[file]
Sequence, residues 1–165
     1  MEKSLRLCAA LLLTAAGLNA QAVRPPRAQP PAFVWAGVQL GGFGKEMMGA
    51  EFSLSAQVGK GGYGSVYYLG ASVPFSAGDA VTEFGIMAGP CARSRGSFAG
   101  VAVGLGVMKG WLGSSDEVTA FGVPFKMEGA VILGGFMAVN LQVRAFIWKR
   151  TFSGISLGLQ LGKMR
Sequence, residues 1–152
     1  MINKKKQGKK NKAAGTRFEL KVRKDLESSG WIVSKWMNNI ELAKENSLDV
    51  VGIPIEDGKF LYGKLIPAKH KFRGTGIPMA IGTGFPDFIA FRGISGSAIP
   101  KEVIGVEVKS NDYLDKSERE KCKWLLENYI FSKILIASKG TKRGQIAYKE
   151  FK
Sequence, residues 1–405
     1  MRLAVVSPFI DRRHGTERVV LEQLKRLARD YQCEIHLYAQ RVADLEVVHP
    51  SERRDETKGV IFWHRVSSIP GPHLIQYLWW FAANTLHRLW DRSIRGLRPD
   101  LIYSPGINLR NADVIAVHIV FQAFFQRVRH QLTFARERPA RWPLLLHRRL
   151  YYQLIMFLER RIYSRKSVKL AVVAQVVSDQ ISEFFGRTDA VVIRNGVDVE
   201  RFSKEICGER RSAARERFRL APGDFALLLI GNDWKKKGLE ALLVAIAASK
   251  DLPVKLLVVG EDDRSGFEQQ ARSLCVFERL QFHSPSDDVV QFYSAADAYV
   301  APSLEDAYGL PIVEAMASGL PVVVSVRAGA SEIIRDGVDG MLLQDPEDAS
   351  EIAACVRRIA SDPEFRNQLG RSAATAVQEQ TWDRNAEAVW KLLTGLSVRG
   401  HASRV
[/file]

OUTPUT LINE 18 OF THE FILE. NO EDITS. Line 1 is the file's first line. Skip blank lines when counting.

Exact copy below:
   301  APSLEDAYGL PIVEAMASGL PVVVSVRAGA SEIIRDGVDG MLLQDPEDAS